Lauletta’s League Lowdown: 2012 WPS Draft – One Last Look Back

There may not have been any trades consummated on draft day 2012, but that doesn’t mean there wasn’t some wheeling and dealing going on behind the scenes.
— Dan Lauletta

Two-Time WPS Coach of the Year Paul Riely recaps the draft with WPS Draft Day broadcasters Kyndra de St. Aubin and Dean Linke.

There may not have been any trades consummated on draft day 2012, but that doesn’t mean there wasn’t some wheeling and dealing going on behind the scenes. WPS teams love to deal draft picks so the selection order was muddled all the way. The Beat once owned three picks inside the first round but they flipped one of them to the Flash and another to Sky Blue FC.

Most of the time picks are traded on speculation, but the deal that landed Sky Blue FC the fourth overall pick was made right on top of the draft when picks are more likely to get moved with certain players in mind. Sky Blue FC moved up into the No. 4 slot to take either Camille Levin or Stephanie Ochs, ultimately focusing in on Levin.

“The last couple of days I was worried we might have to take (Levin) at two,” Sky Blue coach Jim Gabarra said of Levin. “She’s so unique. She’s an attacking wide defender who can play in midfield.” Gabarra ultimately used the second pick on Melissa Henderson, who the club had rated over no. 1 pick Sydney Leroux.

The Breakers wound up taking Ochs at no. 3. That was considered a surprising choice and had some wondering why they did not try to trade down. They pulled the trigger on Ochs with the third pick though, believing Sky Blue FC were ready to take her at no. 4.

Sky Blue FC later talked trade with the Independence, apparently concerning Lindsay Taylor. But it appears both were bluffing with Levin and Sarah Hagen going with the no. 4 and 5 picks and Taylor slipping to the Flash at no. 6.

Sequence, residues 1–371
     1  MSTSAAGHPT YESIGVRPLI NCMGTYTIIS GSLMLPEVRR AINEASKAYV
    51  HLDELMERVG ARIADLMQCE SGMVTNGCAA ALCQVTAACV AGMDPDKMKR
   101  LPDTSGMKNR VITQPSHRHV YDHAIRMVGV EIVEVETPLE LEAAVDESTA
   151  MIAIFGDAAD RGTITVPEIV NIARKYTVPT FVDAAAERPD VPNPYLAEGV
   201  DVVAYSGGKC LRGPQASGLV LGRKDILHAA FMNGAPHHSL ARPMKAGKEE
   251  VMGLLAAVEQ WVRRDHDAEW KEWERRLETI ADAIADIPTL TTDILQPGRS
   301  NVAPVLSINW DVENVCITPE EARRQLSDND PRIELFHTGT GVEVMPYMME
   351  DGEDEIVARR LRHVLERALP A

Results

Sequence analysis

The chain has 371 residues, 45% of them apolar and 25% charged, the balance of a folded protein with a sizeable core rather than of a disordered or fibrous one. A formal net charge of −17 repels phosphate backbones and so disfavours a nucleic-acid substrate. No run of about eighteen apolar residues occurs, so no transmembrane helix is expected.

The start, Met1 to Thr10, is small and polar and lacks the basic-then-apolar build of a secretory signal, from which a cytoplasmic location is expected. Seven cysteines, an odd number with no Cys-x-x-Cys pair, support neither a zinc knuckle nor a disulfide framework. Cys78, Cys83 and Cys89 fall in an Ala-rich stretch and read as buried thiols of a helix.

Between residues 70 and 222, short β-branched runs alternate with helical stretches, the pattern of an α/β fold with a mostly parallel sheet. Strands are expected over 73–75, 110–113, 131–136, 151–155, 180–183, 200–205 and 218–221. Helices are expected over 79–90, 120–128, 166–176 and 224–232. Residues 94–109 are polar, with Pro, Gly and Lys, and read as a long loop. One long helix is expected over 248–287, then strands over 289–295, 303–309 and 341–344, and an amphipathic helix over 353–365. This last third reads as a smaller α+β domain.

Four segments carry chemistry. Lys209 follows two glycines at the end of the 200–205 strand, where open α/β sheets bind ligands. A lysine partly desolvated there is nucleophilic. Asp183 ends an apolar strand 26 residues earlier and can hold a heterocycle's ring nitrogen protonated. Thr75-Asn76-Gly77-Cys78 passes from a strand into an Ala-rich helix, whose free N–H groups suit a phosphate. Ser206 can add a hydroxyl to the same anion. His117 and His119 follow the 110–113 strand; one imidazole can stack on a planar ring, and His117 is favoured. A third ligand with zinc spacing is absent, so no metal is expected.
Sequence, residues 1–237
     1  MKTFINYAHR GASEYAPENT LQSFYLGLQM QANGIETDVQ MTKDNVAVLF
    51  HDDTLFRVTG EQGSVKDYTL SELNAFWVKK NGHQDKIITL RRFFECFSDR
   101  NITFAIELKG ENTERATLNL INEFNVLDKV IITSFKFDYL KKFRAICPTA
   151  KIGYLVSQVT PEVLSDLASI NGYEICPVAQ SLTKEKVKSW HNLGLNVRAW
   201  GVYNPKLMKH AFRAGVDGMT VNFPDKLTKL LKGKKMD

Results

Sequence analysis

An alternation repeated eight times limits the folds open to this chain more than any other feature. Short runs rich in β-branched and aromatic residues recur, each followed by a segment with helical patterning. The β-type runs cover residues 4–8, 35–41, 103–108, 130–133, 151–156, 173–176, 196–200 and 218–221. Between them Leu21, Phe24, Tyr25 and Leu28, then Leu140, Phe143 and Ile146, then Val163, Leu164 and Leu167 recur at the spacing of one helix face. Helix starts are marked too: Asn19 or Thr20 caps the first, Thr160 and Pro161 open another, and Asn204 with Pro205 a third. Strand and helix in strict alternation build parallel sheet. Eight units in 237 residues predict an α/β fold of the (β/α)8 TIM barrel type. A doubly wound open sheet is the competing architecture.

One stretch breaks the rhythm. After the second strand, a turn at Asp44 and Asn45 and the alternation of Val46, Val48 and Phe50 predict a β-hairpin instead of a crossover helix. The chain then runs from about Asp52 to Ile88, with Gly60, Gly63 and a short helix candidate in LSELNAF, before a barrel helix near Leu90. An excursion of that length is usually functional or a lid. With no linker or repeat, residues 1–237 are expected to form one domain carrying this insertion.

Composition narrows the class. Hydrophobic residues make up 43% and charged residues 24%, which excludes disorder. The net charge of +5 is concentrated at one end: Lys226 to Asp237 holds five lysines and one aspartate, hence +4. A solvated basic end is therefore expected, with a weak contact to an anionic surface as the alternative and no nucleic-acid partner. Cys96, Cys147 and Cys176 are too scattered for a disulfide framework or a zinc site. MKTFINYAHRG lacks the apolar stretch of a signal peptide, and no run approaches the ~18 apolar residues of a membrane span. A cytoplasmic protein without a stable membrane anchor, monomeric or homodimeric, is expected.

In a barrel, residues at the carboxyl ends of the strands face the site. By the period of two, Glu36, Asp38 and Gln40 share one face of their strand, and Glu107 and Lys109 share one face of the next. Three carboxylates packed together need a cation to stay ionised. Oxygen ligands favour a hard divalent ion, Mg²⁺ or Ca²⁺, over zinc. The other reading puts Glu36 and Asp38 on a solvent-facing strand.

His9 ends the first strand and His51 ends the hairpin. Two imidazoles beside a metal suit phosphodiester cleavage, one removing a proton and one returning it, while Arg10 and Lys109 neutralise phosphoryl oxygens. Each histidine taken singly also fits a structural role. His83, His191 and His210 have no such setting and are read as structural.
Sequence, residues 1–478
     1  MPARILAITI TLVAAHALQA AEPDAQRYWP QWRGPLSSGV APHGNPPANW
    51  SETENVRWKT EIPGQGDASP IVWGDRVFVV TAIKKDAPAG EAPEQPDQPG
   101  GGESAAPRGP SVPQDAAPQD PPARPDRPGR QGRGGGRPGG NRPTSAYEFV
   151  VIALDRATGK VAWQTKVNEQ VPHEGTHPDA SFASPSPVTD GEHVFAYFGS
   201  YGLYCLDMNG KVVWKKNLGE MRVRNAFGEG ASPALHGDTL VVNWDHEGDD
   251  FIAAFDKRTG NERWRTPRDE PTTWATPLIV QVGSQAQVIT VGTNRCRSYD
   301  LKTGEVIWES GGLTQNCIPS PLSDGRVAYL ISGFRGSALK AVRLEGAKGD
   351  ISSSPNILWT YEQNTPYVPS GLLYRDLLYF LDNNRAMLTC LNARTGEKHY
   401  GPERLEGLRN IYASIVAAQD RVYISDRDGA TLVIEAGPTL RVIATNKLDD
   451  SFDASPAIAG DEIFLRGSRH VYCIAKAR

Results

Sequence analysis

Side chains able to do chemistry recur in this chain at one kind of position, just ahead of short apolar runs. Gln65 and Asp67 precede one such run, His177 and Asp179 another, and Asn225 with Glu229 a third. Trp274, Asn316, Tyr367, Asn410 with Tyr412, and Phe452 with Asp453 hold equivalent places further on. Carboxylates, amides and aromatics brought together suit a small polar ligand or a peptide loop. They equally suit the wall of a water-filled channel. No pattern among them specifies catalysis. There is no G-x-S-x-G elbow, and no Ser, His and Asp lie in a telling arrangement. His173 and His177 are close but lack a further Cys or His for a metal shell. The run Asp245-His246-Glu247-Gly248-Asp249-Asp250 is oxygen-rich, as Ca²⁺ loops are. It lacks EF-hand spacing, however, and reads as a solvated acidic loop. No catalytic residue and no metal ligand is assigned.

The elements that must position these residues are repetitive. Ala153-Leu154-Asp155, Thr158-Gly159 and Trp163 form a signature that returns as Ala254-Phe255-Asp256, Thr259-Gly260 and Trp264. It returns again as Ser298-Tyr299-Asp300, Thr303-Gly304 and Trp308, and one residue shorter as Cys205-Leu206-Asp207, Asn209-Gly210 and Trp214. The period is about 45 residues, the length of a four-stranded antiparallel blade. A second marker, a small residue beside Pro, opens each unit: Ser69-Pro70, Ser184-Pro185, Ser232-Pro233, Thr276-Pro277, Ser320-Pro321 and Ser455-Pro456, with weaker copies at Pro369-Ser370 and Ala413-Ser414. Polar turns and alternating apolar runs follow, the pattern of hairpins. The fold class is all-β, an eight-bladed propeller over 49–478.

Here is a team by team look at how Draft Day 2012 went down.

Atlanta Beat: Leroux and then some

The Beat controlled things from the top of the draft and used the coveted top pick on Sydney Leroux, who was recently named to the US team currently trying to qualify for the Olympic Games in Vancouver. The Beat also nabbed Auburn forward Katy Frierson at no. 10 and Kate Deines from Washington with the 23rd and final pick of the afternoon.

“A very good day for us,” head coach James Galanis said. “We had our three targets and we got all of them so it’s an exciting time. It’s good.”

The Beat are also the only team to have stockpiled an extra pick for the future. The deal that sent Sky Blue FC the no. 4 overall pick landed Sky Blue’s first round grab in 2013.

Sky Blue FC: We wanted Henderson

Jim Gabarra conceded he would have gladly taken Sydney Leroux had the Beat used the top pick on Melissa Henderson, but the player they wanted was the Notre Dame forward Henderson.

“I wanted Henderson,” he said. “For what we have she was the player we targeted. She can take on players one-v.-one, facilitate other players, and provide service. And she is comfortable drifting off more to the left.”

Henderson is also likely to be with Sky Blue FC for the entire season while Leroux took a step closer to making the US Olympic team by playing her way onto the qualifying roster.

Sky Blue FC later took Ingrid Wells at no. 9. The Georgetown midfielder is signed to play in Sweden, but hails from New Jersey and whether she makes it to WPS or not, has her league rights held by Sky Blue FC.

Gabarra used his final pick on Jillian Mastroianni who will be at camp as part of an open battle to win the no. 2 goalkeeper job—a much bigger role if Canada qualifies for the Olympics thus pulling Karina LeBlanc away from the club.

All in all it was a more enjoyable experience than 2011 when Sky Blue FC did not hold a pick in the top 15.